Managers might ask themselves, what about the costs and savings of recycling programs? Many municipalities offer discounts for recyclable materials when compared to landfill disposables.

According to the Salt Lake City Recycles website, tipping fees for recyclable materials are estimated to be as much as 40 percent less expensive than tipping fees for landfill materials. This is just one example. There may be similar incentives available in other local municipalities.

Think about it — there is a finite amount of space in local landfills, and it is in everyone’s best interest to divert materials. Doing so can help the landfill last as long as possible.

According to King, “There’s the actual financial cost savings of diverting materials from the landfill. Also, most recyclables — if collected and sorted properly — still have value. There’s also the cost of the intrinsic value of the materials not being recycled but buried or burned.”

For example, when paper is recycled, it can be converted back into paper. However, once it is mixed with landfill or burned, it loses all its value and can no longer be reused.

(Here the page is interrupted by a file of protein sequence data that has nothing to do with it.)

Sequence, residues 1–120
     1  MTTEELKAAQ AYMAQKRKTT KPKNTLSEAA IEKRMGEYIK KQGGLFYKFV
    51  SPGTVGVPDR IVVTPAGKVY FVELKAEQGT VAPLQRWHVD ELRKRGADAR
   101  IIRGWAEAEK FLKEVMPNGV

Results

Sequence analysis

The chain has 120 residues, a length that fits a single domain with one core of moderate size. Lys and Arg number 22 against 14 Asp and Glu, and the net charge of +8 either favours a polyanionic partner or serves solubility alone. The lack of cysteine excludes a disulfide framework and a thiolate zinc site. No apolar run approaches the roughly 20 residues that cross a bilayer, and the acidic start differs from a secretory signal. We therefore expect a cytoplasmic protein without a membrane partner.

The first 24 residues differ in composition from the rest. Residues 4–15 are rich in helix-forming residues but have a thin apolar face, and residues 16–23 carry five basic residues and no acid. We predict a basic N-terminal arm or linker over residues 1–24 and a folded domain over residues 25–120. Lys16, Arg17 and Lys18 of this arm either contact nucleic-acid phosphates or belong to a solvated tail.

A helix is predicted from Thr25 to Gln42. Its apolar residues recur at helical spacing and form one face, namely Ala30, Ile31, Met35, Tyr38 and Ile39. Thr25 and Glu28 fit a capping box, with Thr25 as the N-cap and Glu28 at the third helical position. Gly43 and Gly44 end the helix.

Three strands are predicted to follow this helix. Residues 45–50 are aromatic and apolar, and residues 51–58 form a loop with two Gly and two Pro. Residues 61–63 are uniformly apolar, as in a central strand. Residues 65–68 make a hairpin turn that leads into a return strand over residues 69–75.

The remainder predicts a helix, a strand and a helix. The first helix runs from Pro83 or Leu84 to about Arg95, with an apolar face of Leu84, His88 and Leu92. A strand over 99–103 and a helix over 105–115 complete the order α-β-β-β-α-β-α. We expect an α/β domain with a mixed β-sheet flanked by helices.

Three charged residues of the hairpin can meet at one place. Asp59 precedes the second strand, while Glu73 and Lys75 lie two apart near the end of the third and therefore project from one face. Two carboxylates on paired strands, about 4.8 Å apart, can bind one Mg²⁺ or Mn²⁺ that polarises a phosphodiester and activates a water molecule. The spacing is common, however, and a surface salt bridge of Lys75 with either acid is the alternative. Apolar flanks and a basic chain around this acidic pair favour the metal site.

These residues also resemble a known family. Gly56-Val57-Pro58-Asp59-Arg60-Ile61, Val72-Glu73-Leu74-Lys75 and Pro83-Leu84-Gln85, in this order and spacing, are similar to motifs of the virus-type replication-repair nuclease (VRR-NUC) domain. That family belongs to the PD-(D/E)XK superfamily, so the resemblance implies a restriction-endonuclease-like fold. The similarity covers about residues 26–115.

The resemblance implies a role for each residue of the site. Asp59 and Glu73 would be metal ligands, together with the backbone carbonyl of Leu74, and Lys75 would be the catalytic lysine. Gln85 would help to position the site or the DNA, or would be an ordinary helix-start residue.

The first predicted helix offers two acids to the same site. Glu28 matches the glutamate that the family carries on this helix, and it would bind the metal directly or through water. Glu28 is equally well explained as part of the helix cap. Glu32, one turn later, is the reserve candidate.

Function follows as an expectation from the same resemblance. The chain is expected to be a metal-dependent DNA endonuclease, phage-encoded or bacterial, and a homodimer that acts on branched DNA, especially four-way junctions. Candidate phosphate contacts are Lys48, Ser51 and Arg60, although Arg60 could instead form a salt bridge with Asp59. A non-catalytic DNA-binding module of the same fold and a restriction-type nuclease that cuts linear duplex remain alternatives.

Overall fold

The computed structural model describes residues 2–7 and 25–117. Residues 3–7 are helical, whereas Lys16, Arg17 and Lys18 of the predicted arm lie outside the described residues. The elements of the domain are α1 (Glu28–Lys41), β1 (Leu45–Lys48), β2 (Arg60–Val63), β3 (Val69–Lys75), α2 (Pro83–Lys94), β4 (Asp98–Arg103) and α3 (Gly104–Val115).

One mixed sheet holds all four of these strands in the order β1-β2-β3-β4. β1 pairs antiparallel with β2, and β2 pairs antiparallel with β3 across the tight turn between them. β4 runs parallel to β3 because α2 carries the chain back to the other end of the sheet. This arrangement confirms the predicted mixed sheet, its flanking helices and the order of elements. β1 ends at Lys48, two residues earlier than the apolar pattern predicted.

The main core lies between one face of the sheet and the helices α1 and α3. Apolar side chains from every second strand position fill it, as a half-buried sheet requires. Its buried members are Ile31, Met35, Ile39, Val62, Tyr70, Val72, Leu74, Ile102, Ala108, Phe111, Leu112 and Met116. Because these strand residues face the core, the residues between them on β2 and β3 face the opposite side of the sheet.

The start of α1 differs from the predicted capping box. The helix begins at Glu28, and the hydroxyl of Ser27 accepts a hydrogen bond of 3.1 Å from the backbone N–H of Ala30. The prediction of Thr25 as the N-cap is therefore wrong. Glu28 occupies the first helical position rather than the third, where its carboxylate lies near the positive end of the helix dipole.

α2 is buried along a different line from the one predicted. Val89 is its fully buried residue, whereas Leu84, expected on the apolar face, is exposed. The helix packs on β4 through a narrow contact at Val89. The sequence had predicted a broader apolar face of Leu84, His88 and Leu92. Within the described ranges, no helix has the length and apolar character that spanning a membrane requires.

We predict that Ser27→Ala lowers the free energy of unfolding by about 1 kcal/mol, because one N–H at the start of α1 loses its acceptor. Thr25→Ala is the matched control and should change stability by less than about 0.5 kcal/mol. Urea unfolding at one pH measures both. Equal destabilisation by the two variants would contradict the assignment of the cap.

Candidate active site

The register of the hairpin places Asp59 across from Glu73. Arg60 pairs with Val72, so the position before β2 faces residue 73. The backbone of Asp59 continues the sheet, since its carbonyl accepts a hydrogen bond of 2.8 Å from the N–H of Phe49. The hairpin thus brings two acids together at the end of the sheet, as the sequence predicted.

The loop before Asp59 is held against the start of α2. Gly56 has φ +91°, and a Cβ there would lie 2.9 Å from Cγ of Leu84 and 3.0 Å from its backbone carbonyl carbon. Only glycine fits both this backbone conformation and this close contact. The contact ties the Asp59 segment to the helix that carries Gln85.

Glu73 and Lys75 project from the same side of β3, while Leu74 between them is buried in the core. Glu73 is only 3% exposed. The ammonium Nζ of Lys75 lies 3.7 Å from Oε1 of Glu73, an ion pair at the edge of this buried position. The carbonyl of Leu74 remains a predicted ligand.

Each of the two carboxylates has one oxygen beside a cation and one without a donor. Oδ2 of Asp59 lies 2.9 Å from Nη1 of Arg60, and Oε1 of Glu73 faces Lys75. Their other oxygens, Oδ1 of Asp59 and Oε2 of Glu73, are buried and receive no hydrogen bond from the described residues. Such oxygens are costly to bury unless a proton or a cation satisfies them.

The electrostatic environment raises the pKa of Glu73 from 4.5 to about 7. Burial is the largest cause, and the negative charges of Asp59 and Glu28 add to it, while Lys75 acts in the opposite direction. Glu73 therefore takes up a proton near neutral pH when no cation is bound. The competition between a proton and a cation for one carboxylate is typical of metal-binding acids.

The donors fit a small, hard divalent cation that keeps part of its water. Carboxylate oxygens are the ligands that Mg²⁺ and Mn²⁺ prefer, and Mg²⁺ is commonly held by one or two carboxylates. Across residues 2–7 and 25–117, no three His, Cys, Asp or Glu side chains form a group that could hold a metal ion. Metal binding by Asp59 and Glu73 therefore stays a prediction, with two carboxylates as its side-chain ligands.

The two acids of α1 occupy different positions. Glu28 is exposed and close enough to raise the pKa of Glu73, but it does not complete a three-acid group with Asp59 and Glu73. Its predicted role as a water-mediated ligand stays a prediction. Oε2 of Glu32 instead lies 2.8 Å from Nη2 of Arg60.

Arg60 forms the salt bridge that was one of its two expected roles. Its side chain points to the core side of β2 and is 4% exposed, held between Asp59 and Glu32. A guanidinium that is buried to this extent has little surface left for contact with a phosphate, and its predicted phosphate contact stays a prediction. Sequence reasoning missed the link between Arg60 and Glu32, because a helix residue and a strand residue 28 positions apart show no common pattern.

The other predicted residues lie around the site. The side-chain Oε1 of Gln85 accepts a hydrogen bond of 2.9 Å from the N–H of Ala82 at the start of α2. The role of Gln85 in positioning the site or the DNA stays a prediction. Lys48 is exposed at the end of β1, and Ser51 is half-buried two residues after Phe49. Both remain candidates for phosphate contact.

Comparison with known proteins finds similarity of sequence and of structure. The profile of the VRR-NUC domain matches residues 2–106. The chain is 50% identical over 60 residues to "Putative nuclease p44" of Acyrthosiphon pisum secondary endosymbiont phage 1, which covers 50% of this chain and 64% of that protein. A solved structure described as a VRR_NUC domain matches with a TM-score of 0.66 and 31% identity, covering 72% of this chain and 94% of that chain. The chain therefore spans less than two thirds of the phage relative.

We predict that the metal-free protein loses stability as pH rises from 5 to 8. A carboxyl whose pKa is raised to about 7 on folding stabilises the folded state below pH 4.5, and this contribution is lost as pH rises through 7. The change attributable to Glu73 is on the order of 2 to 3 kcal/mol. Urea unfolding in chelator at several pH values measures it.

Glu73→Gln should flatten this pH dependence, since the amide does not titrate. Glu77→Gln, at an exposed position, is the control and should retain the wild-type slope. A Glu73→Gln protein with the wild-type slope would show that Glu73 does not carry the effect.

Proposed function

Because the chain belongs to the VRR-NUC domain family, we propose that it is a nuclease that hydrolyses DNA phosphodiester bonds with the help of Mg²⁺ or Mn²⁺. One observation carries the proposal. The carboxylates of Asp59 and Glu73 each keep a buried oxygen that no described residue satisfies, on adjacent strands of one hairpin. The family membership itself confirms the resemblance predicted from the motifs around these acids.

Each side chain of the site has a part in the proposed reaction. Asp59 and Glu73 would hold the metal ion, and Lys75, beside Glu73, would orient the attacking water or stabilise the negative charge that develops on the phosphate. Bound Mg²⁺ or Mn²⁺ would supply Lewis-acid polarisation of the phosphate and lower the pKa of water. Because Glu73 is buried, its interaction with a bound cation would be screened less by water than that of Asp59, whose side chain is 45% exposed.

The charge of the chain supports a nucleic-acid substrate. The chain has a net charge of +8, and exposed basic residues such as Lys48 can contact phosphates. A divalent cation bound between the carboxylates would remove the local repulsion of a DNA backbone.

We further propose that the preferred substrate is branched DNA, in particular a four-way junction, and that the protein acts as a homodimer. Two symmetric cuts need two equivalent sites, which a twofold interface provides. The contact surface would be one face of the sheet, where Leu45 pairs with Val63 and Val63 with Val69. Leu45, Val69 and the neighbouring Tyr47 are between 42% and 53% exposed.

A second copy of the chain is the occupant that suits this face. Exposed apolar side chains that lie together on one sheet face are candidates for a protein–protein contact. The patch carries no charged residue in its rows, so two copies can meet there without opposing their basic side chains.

“It’s important to understand recyclables need to be treated as a commodity in the marketplace,” says King. “Recyclables are not all the same. For example, an aluminum can does not have the same value as a plastic bottle, yet we call both of them recyclables. We need to buy items that can be recycled back into the same items (i.e. circular economy) in order to create value.”

Managers looking to determine value will also need to consider fees associated with recycling. For example, recycling pick-up fees will change depending on the items collected, the weight and volume of each item, as well as the overall weekly or monthly volume.

“Some facilities may see a credit related to their [waste management] service due to the amount of recyclable material being collected,” says Hedlund.

There is no doubt that there are increasing challenges to managing an effective waste diversion and recycling program in 2019. However, by understanding the materials which can be recycled in the local municipality, deploying clearly marked bins placed in a way which promotes their use, providing education to building occupants on what is recyclable and what isn’t, and celebrating successes, the facility can help divert waste from the landfills and make a positive impact in the community.

Keith Schneringer is the Director of Channel Marketing and Sustainability at WAXIE Sanitary Supply, a jan/san distributor based in San Diego, California. 

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